Raspberry Pi 5 gets an M.2 PCIe HAT – Meet PineBerry Pi HatDrive

Raspberry Pi 5 PineBerry Pi M.2 HAT

The Raspberry Pi 5 SBC comes with a PCIe 2.1 x1 interface that has not been overly useful so far since it’s exposed through a non-standard FPC connector. Raspberry Pi Ltd is working on its own HATs to make use of the PCIe connector, but PineBerry Pi may have beaten them to it with the launch of the HatDrive M.2 HAT for Raspberry Pi 5.

The HatDrive comes with an M.2 Key-M socket with a PCIe x1 interface and support for 2230 and 2242 modules, so you can install an SSD, an AI accelerator, or another compatible M.2 module. The HAT is connected through a 40mm long 16-pin FPC cable (that supports up to PCIe Gen3) as well as the 40-pin Raspberry Pi GPIO header for the I2C EEPROM required by compliant HATs, plus power supply monitoring and diagnostics, and to let users add another HAT on top if needed. It also comes with spacer pins, M2.5 screws, a spacer pin for M.2 card mounting, and an optional male-female HAT connector.

PineBerry Pi HatDrive TM1The PineBerry Pi HatDrive specifications also add a few more details:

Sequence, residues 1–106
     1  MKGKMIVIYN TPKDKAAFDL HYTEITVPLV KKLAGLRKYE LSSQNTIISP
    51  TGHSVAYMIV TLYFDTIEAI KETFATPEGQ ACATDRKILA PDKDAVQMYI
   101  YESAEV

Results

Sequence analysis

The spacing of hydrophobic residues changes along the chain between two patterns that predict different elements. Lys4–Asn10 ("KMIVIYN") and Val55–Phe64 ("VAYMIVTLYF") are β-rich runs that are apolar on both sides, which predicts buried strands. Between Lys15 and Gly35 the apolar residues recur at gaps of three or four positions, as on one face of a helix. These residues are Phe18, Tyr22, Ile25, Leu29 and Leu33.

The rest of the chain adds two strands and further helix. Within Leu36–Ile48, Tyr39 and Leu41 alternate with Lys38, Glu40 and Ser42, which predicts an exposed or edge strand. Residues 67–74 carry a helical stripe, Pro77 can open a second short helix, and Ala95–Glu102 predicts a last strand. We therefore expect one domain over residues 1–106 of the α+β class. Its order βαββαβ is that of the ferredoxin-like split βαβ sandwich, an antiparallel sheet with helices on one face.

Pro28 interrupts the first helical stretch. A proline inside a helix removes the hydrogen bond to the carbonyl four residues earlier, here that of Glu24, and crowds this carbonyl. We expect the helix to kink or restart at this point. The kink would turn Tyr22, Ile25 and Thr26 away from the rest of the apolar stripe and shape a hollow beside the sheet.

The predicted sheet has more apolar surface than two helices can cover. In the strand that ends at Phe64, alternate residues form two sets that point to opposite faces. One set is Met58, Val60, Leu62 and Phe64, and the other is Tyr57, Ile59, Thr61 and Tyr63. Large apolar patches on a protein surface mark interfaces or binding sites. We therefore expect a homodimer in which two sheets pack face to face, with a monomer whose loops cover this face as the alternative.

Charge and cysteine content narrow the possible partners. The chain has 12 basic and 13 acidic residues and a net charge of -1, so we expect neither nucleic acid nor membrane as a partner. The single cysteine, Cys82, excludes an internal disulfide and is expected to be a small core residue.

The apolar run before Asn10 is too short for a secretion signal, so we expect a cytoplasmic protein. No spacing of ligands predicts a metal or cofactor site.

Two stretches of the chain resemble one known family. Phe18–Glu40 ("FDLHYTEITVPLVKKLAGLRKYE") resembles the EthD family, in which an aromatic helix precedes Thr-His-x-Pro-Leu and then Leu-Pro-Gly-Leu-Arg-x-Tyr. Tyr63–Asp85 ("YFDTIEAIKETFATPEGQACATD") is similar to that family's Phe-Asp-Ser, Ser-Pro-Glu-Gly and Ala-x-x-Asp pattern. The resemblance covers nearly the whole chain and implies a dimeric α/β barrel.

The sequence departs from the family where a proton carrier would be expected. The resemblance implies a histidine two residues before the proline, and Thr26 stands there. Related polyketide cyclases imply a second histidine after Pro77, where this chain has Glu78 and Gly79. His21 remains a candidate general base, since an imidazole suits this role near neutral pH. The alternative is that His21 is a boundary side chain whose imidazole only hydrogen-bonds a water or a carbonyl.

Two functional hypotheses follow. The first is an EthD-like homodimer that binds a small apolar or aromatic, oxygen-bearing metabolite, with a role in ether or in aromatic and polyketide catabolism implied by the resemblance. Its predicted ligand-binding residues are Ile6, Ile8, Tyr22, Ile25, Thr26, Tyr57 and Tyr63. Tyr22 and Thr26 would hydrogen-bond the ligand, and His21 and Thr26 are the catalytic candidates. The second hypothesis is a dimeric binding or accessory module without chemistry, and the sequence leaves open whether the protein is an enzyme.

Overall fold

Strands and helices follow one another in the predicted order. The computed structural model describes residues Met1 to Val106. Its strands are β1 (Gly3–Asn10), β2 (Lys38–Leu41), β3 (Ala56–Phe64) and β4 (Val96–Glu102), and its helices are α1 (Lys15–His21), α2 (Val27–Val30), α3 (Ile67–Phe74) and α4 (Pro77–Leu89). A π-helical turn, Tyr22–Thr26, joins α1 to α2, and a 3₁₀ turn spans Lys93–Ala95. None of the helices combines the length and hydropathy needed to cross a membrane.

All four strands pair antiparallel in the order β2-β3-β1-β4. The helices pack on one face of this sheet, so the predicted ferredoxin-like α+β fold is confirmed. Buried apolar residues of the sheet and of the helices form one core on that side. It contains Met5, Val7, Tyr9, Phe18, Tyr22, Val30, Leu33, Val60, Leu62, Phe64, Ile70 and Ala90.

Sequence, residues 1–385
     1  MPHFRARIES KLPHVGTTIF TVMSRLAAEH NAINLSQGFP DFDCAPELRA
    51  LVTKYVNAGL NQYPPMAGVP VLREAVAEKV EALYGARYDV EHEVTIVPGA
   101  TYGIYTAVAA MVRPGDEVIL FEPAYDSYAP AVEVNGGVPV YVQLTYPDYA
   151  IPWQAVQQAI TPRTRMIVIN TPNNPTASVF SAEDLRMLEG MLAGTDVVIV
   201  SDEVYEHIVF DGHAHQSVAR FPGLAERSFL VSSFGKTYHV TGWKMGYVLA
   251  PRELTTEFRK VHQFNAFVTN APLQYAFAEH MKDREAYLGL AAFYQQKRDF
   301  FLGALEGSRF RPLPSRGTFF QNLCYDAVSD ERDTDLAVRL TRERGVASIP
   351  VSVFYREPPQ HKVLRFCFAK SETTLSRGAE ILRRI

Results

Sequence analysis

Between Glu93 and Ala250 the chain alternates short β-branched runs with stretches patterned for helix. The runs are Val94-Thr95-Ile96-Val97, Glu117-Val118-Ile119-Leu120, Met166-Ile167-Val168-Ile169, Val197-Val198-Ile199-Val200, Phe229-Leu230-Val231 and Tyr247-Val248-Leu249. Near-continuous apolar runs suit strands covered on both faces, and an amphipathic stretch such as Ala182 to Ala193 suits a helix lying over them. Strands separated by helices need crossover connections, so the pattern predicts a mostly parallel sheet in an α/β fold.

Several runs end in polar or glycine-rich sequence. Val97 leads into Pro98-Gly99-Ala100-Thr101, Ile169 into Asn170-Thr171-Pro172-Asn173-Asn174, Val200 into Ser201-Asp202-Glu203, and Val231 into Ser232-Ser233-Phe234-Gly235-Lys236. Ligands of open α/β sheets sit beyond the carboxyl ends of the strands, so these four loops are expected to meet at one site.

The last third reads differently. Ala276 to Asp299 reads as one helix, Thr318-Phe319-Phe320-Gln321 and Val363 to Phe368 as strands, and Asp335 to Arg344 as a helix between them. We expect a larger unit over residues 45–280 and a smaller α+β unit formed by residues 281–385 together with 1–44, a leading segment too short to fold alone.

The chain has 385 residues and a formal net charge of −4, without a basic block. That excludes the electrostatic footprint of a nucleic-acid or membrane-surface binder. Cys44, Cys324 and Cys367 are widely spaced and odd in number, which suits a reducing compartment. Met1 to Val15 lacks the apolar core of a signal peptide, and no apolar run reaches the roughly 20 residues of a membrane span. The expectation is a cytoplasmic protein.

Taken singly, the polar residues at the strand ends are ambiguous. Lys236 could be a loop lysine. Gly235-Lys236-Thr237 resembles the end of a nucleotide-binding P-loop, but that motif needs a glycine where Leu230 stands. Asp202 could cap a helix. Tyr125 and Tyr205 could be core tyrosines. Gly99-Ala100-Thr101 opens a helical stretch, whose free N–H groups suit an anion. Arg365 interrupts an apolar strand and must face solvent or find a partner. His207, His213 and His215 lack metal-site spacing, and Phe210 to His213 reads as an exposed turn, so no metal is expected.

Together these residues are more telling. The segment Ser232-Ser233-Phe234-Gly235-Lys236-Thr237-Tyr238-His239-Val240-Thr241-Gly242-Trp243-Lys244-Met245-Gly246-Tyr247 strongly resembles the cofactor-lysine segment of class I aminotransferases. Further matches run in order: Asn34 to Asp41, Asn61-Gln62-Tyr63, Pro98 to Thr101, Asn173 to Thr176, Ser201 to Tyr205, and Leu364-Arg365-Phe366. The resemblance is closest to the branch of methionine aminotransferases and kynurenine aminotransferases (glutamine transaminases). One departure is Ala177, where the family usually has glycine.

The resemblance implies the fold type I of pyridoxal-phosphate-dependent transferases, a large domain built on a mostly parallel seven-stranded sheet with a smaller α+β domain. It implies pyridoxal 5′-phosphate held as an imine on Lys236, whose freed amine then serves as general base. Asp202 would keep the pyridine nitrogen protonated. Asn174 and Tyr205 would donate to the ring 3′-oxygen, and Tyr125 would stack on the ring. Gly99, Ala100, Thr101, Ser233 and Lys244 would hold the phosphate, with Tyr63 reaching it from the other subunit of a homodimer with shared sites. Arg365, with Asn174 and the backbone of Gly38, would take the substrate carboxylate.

• Voltage regulator delivering up to 3A for the 3.3V power rail, compliant with M.2 (NGFF) standard.
  • Installation of M.2 disks in 2230 or 2242 format thanks to a dedicated metal bracket (custom CNC made).
  • Misc – 2 LED lights for power supply voltage (“PWR”) and M.2 disk activity (“ACT”).
  • Power Supply
    • Via FPC PCIe ribbon (port providing a minimum of 5W continuous power) or
    • Via 40-pin HAT connector
    • Monitoring – Monitoring and diagnostics of the power supply bus, measuring voltage, current, and power parameters in real time via an I2C interface
  • Dimensions – 65 x 56.50 mm (4-layer PCB, Raspberry Pi HAT compliant)

Raspberry Pi 5 M.2 NVMe SSD

The Polish company will soon manufacture 5,000 pieces and is taking pre-orders for the HatDrive for 20 Euros “including taxes” with shipping scheduled to start in early December.

HatDrive Bottom for Raspberry Pi 5
HatDrive Bottom for M.2 2280 SSDs